There will be a make-up orientation session, I guarantee - most schools haven't finished admitting students by April. Have her go on the trip.
posted by Sweetie Darling at 9:02 AM on January 18, 2012 [4 favorites]


I am not sure you will ever be able to find a single human being who can honestly say "boy that Freshman orientation sure beat a free trip to Europe."
posted by griphus at 9:02 AM on January 18, 2012 [64 favorites]


Have you spoken with anyone other than the choral director? I would not necessarily trust his or her word on such things.
posted by MrMoonPie at 9:03 AM on January 18, 2012 [1 favorite]


The free trip to Europe is a million times more meaningful for her education than freshman orientation.

Agreed.

Also, if scholarship funds have already been expended (and are, in all likelihood, non-refundable) you really have a moral obligation to make this right (in addition to whatever legal obligation you may have).
posted by Admiral Haddock at 9:04 AM on January 18, 2012 [7 favorites]


I can't think of any freshman orientation program which would be more valuable than a free trip to Europe. Besides, you did agree for the school to secure a scholarship. Why not take advantage of the scholarship, which the school so helpfully provided?

If you get rid of the scholarship without checking in with your kid as to what she wants to do, I will scream.
posted by Sticherbeast at 9:04 AM on January 18, 2012 [5 favorites]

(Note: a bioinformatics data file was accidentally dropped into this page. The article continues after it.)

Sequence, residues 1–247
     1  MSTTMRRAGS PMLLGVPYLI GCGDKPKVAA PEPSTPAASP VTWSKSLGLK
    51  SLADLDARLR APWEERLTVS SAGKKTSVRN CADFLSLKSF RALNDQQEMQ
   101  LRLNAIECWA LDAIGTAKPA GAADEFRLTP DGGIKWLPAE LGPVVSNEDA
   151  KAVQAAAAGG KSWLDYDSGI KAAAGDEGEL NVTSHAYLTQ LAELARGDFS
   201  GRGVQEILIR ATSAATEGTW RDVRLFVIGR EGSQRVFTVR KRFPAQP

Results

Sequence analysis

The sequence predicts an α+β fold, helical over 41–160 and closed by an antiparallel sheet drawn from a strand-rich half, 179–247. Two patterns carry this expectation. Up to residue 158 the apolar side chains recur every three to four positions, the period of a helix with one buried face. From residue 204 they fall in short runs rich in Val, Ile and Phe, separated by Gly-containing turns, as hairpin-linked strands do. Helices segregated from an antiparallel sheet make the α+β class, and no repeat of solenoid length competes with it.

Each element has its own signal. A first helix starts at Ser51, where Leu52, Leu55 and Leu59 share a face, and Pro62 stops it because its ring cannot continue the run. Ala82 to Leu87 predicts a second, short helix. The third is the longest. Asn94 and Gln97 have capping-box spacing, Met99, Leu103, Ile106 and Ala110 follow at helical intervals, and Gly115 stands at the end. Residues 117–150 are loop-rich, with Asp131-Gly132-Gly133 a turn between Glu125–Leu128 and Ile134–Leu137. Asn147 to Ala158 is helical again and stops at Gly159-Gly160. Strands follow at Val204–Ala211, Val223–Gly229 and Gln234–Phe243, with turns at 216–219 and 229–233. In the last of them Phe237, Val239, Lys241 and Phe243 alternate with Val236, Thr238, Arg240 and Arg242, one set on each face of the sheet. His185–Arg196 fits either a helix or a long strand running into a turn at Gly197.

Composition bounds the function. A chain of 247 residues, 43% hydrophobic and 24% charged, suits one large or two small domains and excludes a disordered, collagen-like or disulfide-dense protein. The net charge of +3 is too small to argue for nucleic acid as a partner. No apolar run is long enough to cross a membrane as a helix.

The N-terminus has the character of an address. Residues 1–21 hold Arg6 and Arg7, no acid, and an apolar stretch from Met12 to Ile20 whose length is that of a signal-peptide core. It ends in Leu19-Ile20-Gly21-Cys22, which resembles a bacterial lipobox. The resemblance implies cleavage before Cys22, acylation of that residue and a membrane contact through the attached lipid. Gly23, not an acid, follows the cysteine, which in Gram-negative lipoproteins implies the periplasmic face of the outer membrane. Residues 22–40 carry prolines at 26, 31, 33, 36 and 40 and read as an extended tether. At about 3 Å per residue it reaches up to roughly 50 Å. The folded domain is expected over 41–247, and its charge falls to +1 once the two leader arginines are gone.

The scholarship was intended for your child - it's likely the school has paid for the trip with the expectation that she was going, but hasn't yet received that money; if she doesn't go, they don't get the scholarship money. Seems fair to ask you for it in that case. Just let her go on the damn trip
posted by MangyCarface at 9:05 AM on January 18, 2012


Easiest question ever. You incurred a moral obligation when you asked for a scholarship. A free trip to Europe is way more meaningful than freshman orientation.

Send your kid to Europe!
posted by ewiar at 9:06 AM on January 18, 2012 [5 favorites]


There will certainly be many other students who will be unable to attend the program for incoming freshmen due to inability to travel, prior obligations, etc. Your daughter will not suffer for not having attended that. There are quite enough freshman orientation events once she gets to college, and she can certainly confer with the college to get information about the information she misses. Such events are almost always to give students a sense of familiarity and comfort before coming to college. I attended such a program at my own college, and though it was moderately useful, there was absolutely nothing I would not have learned organically in the first few weeks of college.